While most spa-goers have traditionally relied on topical treatments to nourish their skin, hair, and nails, many are now turning to ingestible skincare supplements as the connection between what we put inside our bodies and its impact on our external appearance grows stronger. According to Eve Persak, resident dietitian for Como Shambhala, it’s important to remember that putting something, such as a topical cream, on the body is not the same as ingesting a pill, powder, or chew in the body. “When we apply oils, creams, or serums on the surface of the skin, hair, and nails, interaction between the product and our body is largely superficial,” she says. “The underlying cells absorb only a percentage of the active ingredients—and the blood supply, lesser still. Conversely, ingested foods and supplements have a core impact, as our GI tract digests them, our blood stream circulates them, then our organ systems metabolize, clear, redirect, and assimilate them, as needed.” As a result, you’ll want to choose wisely when it comes to recommending and retailing supplements in your spa.
Going beyond the impact supplements can have on your clients’ appearance, today’s ingestibles also claim to help protect against chronic stress. “Adaptogenic supplements actually help lower stress hormones,” says Amanda Chantal Bacon, founder and CEO of Moon Juice. “Chronic stress can have damaging effects to gut health, skin health, mental health, and more.” Ashwagandha, cordyceps, maca, reishi, rhodiola, and tulsi are just some of the adaptogens making headlines these days. These herbs can commonly be found in capsules, teas, powders, and other supplemental forms. “There are also other ingredients, like vitamin E, that help reduce oxidative stress, which can have really damaging effects on our collagen and skin health,” says Bacon.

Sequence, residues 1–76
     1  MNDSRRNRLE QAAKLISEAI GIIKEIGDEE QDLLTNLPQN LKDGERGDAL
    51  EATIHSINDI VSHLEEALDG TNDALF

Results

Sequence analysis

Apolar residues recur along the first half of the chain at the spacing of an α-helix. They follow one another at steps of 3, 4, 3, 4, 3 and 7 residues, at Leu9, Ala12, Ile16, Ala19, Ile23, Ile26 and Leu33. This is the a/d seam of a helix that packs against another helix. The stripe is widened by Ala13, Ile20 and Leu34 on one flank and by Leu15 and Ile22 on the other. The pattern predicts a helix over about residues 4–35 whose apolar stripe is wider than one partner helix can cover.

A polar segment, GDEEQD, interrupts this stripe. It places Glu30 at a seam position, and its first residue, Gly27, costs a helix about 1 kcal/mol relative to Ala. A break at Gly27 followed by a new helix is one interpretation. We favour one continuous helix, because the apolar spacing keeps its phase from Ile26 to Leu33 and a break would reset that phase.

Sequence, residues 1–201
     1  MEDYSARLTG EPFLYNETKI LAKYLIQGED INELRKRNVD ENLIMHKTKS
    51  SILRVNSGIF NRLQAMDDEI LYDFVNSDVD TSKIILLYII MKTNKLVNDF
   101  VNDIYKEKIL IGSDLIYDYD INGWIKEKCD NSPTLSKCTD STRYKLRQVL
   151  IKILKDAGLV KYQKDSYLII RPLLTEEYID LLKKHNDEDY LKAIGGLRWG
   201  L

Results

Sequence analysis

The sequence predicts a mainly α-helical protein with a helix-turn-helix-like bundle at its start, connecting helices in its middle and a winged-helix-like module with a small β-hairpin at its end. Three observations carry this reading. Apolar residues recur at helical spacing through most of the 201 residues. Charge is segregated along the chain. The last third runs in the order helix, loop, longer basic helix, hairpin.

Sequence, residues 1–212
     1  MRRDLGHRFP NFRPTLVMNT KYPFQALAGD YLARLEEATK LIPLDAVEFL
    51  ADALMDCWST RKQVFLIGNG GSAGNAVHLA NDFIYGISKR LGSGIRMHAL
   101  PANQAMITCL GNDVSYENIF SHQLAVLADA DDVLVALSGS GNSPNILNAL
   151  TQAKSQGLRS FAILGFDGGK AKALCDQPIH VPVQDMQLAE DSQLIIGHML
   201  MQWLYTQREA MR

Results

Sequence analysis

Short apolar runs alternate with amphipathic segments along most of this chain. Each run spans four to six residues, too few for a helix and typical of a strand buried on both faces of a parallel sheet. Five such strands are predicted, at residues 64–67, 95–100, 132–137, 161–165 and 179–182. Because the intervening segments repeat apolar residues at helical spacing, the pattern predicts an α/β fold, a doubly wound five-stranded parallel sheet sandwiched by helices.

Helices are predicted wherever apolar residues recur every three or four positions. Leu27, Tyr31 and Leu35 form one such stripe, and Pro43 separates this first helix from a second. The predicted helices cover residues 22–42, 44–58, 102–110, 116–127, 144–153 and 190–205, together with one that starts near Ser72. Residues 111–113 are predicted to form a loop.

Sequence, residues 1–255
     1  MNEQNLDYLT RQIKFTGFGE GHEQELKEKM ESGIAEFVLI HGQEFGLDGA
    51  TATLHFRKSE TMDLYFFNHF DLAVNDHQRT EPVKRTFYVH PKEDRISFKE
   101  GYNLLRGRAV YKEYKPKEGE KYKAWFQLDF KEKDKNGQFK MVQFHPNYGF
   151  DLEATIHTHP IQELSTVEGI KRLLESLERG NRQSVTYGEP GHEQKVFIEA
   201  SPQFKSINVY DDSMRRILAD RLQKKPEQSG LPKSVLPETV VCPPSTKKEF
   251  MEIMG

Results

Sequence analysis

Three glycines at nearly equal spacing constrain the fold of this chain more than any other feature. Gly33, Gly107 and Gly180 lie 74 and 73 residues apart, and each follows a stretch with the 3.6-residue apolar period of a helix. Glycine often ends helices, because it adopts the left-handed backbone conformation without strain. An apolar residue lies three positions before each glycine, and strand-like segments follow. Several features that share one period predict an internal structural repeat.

With so many nutritional supplements on the market today, it can be difficult to choose the best delivery vehicle. For some, a pill or capsule can provide a quick and easy way to get results while others prefer adding a scoop of powder to their morning smoothies. Wallace Nelson, CEO of M’lis, recommends choosing products that focus on digestibility. “Many nutritionals are packaged in tough to digest forms like tablets, which oftentimes don’t break down in the body. Seeking out products made with high-quality ingredients that are delivered as powders, non-gelatin V Caps, or soft gels produce the best results”
Now that ingestibles are developing a reputation in the wellness industry, most spa professionals are predicting good things for the trend. “I really think the sky is the limit now that the consumer understands the power of ingestibles,” says Jane Iredale, founder and president, Jane Iredale. “The challenge will be how to communicate the results without getting into drug territory. This is the biggest issue as far as I’m concerned. We can produce something that really has an effect, for example, on psoriasis and eczema, but we aren’t allowed to say so.” According to Osmosis Pür Medical Skincare’s Ben Johnson, M.D., the next big thing will be innovations in prebiotics, which can increase the helpful bacteria in the gut. “I think the big change in ingestible skincare won’t necessarily be the discovery of some unknown nutrient, it will be the realization that everyone should be incorporating specific skin-based nutrition into their treatment protocols,” says Nelson. “It’s been said for as long as anyone can remember that beauty is more than skin deep, and we need to be providing beauty treatments that are more than skin deep, as well."